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International Supply Chains and the Volatility of Trade

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  • Benjamin Bridgman

    (Bureau of Economic Analysis)

Abstract

The world trade collapsed in the most recent recession. Some analysts have suggested the increasing offshoring of the supply chain, or vertical specialization (VS) trade, can explain the apparent increase in volatility of trade over the business cycle. This paper develops a model of VS trade to examine its impact on the volatility of trade. The model features increased trade volatility as VS trade increases when goods production is more volatile than services production. While the simulated model generates the observed increase in relative volatility of trade to GDP from 1967 to 2002, most of the increase is due to GDP’s shift to less volatile services production. VS trade only accounts for a third of the increase. Counterintuitively, VS trade can moderate trade volatility.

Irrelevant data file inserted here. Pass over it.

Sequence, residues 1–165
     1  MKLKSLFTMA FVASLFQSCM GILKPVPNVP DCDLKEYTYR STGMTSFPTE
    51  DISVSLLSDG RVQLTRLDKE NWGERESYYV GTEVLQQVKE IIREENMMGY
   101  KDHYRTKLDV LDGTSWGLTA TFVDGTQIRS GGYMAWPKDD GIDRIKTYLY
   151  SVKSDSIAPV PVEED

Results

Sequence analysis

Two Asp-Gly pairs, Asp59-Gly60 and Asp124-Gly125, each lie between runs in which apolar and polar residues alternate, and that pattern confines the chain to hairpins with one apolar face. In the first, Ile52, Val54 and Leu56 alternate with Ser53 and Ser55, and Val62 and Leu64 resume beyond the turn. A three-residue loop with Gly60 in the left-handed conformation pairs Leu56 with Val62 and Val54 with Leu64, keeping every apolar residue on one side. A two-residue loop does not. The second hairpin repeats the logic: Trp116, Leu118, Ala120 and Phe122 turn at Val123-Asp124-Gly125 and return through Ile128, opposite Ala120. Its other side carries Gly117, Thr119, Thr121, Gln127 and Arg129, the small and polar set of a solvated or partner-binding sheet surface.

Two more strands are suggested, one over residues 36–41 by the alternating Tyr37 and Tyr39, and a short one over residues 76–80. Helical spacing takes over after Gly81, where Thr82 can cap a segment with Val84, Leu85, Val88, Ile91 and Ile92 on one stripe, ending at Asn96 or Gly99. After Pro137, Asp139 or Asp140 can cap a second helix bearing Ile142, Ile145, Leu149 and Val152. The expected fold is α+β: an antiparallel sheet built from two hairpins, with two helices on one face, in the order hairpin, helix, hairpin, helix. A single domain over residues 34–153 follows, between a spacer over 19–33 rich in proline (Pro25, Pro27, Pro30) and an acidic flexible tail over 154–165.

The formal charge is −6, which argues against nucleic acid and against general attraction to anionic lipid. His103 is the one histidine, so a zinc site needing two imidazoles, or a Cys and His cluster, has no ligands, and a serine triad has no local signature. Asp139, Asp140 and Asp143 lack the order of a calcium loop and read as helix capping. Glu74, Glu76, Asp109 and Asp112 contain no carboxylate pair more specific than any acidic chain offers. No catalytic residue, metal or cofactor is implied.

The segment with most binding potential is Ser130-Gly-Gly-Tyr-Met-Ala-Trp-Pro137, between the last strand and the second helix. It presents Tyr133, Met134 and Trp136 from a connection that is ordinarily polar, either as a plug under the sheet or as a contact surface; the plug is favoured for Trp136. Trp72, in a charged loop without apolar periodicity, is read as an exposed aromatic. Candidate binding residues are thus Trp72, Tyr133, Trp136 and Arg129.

Suggested Citation

  • Benjamin Bridgman, 2010. "International Supply Chains and the Volatility of Trade," BEA Working Papers 0059, Bureau of Economic Analysis.
  • Handle: RePEc:bea:wpaper:0059
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    References listed on IDEAS

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    Cited by:

    1. João Amador & Sónia Cabral, 2014. "Global Value Chains: Surveying Drivers, Measures and Impacts," Working Papers w201403, Banco de Portugal, Economics and Research Department.
    2. Selover, David D. & Yagihashi, Takeshi, 2015. "Examining industrial interdependence between Japan and South Korea: A FAVAR approach," Japan and the World Economy, Elsevier, vol. 36(C), pages 67-87.
    3. Phuong Nguyen-Hoang, 2015. "Volatile earmarked revenues and state highway expenditures in the United States," Transportation, Springer, vol. 42(2), pages 237-256, March.

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    JEL classification:

    • E6 - Macroeconomics and Monetary Economics - - Macroeconomic Policy, Macroeconomic Aspects of Public Finance, and General Outlook

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